Many of us get hung up on interest rates when comparing different home loans. But as any savvy mortgage broker will tell you, there's much more to a home loan than its rate. To find a home loan that may be right for you, you need to compare the unique features and benefits of different options.
Imagine that after a good couple of months, you have some extra savings in your bank account. You may have gotten a bonus at work, or a tax refund.
If you put this money onto your home loan, you'd pay off a bit more of your principal. This can reduce your future interest charges and bring you one step closer to an early exit from your loan.
But not every home loan lets you make extra repayments. Some lenders lock borrowers into fixed repayment schedules. This tends to be more common in fixed-rate mortgages.
Let's say you've been adding your extra savings onto your mortgage for a few months. You've been shrinking your interest charges and are on track to exit your mortgage early. So far, so good.
Fast-forward a couple more months, and extra bills and expenses are piling up. You could use your extra savings to balance your budget, but they're all tied up in your mortgage!
To help avoid situations like these, look for a home loan with a Redraw Facility. This lets you pull extra home loan payments back out of your mortgage when you need money back in your pocket.
Keep in mind there may be terms and conditions around making redraws. Some lenders limit the number of redraws you can make per year, or how much money you can redraw each time. You may also need to pay redraw fees.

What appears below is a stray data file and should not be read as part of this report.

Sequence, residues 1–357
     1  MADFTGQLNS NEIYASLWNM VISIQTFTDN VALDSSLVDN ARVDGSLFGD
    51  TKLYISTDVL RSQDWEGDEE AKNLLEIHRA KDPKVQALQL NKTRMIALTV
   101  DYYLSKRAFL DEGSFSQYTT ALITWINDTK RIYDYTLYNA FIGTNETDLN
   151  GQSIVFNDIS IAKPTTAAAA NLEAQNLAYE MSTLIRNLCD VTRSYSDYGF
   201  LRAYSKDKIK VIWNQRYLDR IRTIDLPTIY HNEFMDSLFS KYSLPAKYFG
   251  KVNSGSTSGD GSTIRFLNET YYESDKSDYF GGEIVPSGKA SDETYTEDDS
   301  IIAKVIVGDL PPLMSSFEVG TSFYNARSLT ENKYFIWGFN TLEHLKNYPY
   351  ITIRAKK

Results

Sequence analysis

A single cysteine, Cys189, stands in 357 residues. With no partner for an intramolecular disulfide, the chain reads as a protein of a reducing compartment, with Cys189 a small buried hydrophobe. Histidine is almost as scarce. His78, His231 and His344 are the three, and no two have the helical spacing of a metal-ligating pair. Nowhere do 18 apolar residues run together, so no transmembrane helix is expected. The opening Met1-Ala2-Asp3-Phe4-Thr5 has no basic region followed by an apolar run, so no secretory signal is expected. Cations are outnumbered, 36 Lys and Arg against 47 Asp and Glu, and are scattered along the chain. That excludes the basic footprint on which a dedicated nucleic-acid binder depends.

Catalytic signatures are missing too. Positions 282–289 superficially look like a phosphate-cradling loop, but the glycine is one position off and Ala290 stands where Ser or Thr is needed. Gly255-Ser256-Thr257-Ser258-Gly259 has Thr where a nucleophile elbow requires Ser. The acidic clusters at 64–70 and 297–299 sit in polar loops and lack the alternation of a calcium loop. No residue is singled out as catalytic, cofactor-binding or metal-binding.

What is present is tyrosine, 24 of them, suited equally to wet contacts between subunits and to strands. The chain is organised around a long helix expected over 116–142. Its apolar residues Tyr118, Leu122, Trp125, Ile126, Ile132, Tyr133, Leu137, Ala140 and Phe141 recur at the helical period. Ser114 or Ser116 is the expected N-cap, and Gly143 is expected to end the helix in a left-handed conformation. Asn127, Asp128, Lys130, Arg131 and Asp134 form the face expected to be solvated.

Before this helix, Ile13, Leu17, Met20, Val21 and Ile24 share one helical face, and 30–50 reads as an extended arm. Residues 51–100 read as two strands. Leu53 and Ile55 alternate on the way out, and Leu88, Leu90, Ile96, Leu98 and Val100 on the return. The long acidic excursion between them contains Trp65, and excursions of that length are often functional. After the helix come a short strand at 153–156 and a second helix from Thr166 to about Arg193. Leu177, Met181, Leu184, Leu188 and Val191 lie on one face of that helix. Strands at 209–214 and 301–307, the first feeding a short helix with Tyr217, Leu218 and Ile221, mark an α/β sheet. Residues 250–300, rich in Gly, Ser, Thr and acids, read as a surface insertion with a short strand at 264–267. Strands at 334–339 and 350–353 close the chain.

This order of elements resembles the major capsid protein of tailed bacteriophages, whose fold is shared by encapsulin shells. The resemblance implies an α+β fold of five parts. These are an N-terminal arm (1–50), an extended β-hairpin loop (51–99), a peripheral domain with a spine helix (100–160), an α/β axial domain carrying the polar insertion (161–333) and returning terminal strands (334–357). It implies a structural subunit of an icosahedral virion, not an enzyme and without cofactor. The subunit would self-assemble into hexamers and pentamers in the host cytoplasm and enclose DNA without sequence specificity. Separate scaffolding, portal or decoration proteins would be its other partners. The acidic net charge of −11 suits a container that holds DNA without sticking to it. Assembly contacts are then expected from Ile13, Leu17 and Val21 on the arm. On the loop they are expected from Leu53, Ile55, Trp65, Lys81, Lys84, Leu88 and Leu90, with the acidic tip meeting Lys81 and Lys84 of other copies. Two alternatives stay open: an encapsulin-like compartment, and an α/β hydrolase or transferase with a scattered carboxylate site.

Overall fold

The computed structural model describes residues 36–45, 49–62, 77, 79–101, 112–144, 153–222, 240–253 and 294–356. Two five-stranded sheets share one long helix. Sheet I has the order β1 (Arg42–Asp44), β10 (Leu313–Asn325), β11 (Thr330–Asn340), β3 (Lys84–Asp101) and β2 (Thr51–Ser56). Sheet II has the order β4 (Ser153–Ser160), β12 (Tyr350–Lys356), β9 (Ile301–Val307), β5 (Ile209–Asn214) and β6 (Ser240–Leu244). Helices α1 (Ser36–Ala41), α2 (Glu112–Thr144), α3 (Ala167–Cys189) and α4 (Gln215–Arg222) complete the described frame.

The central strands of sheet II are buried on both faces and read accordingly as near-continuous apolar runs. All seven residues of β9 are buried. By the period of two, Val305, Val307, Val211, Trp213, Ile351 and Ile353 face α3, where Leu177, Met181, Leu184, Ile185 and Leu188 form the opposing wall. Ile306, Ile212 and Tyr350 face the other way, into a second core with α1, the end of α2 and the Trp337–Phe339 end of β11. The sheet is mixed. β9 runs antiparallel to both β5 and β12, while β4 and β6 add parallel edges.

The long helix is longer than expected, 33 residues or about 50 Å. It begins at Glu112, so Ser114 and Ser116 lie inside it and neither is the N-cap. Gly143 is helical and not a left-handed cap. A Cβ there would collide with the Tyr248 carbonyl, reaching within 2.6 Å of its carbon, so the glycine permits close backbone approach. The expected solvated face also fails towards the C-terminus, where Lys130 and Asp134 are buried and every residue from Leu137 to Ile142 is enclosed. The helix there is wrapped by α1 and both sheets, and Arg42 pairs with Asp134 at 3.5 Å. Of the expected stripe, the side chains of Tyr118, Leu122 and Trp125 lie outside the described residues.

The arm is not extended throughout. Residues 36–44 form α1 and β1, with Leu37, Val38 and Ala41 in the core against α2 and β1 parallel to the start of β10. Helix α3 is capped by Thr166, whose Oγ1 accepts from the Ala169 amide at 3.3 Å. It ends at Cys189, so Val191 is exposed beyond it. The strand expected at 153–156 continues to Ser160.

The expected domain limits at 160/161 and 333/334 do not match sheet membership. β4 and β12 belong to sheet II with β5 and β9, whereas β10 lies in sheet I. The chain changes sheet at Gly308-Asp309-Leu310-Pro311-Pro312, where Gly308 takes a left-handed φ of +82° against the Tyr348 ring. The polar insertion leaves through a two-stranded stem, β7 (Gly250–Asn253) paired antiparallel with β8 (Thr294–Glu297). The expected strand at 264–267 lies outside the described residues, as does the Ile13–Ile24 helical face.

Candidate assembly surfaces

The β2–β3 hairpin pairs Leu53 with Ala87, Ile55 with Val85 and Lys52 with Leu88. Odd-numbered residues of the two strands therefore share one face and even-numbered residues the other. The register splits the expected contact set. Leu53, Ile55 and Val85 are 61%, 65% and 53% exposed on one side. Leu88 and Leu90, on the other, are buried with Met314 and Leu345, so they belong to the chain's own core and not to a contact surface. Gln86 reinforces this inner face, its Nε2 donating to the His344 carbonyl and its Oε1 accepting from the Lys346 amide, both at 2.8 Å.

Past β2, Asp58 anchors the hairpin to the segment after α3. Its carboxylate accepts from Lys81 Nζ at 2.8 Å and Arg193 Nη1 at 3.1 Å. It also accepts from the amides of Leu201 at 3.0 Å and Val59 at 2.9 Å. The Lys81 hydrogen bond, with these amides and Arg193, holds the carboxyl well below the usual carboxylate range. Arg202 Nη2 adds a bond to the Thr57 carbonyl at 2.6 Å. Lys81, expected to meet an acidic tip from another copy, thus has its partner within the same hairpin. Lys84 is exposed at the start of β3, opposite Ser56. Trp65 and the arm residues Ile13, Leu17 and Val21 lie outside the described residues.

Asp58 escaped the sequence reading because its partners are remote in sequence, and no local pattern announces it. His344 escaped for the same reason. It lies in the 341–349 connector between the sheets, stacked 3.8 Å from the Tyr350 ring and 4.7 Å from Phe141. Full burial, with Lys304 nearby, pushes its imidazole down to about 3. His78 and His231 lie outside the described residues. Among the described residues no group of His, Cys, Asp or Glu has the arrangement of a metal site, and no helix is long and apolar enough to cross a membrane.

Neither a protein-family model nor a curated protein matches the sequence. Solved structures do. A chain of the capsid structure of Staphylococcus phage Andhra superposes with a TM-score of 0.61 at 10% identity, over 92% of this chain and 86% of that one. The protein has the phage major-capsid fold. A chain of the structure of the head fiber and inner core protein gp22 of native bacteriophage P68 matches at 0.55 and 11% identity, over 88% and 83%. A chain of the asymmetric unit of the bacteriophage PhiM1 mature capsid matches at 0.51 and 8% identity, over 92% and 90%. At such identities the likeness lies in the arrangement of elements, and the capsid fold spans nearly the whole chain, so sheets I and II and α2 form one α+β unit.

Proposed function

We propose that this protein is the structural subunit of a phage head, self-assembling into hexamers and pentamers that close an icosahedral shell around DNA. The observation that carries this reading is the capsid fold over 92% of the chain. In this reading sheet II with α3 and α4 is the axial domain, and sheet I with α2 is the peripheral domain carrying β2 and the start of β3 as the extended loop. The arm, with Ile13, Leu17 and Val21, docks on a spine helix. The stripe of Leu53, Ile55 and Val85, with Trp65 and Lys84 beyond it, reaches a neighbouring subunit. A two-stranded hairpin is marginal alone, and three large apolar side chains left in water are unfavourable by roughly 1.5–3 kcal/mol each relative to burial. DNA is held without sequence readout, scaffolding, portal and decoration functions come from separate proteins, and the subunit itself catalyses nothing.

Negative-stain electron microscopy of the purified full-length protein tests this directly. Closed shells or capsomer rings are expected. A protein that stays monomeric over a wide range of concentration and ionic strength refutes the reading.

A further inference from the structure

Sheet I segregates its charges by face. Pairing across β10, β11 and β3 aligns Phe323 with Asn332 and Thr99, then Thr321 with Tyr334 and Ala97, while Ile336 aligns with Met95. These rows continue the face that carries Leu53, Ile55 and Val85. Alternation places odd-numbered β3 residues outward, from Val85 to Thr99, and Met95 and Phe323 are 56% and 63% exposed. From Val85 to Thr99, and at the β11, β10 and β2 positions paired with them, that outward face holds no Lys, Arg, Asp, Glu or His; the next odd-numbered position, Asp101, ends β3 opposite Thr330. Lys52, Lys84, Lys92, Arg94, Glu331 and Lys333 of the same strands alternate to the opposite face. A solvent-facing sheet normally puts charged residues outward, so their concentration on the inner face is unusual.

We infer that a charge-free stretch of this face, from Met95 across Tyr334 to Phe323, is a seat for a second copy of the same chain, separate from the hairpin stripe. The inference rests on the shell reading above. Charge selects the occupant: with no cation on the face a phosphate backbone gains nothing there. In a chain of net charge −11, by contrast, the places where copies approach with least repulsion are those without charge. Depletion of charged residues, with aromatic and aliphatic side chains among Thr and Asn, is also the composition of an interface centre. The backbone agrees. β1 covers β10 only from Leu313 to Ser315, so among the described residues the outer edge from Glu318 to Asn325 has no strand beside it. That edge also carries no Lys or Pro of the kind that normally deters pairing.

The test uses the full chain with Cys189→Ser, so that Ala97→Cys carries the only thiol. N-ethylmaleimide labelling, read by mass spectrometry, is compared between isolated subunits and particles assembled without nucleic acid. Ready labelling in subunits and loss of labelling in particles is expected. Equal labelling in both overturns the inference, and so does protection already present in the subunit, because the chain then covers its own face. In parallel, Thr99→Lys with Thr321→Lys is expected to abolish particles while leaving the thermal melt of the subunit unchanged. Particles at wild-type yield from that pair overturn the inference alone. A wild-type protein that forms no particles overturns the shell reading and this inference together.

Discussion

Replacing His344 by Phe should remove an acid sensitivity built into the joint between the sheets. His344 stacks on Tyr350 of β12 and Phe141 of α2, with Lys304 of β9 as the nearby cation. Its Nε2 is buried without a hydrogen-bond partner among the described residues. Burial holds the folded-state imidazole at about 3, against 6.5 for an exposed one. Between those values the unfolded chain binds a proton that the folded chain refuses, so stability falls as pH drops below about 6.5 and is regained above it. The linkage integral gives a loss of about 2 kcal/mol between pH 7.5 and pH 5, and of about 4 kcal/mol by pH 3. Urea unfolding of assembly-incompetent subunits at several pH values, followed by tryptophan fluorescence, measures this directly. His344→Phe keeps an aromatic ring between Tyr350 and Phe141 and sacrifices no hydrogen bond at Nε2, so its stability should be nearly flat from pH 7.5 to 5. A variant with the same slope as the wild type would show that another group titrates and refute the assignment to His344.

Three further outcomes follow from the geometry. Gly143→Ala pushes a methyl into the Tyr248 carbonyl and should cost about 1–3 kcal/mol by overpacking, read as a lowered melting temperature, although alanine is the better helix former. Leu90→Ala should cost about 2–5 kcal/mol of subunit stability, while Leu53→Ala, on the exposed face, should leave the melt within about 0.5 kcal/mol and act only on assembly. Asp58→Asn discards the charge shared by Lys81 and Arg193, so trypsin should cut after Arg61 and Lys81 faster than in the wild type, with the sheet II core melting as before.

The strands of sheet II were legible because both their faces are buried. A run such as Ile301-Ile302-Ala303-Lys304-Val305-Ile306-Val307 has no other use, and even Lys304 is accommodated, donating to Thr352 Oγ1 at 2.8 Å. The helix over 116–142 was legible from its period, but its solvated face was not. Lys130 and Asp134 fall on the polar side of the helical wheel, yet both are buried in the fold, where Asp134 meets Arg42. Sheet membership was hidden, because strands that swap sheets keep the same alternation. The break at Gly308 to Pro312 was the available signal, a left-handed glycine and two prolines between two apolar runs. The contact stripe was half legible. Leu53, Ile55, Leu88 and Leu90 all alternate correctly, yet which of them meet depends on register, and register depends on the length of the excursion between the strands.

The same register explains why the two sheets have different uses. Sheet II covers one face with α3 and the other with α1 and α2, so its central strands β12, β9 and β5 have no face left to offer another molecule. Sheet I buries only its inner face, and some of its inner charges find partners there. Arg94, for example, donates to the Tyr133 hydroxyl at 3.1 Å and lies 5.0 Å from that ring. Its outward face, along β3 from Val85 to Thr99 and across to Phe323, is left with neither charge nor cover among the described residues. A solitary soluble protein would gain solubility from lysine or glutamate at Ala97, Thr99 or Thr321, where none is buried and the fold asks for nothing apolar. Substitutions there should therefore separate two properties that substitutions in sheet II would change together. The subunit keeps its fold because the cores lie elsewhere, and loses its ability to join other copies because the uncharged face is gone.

An Offset Account is a savings or transaction account, separate to your home loan. Your bank will include money in this account when calculating mortgage interest charges.
For example, imagine you owe $500,000 on your mortgage, and have $100,000 in your offset account. Your bank will charge interest as if you only owed $400,000.
With enough cash in your offset account, you may save a lot in interest charges on your home loan. And because it's still a bank account, you can transfer or withdraw this money if you need it.
Keep in mind that home loans with offset accounts may cost more than those that don't. To work out if an offset account may work for you, use a mortgage calculator to find how much you'd save on interest in a year. If the amount you'll likely save is more than what you'll pay in annual fees, you may come out ahead.
Line of Credit
Been paying your mortgage for a few years? What if you now want to renovate, invest in shares, or start a business?
You could refinance your mortgage and borrow more money. But extending your mortgage could mean your loan takes longer to pay off. This could cost you more in interest charges over the long term.
Another option is a Line of Credit home loan. This works much like a credit card, except it has a much higher credit limit. This limit is often based on your equity - the property's current value, minus what you still owe on your mortgage. You can borrow any amount up to this limit, and only pay interest on what you borrow.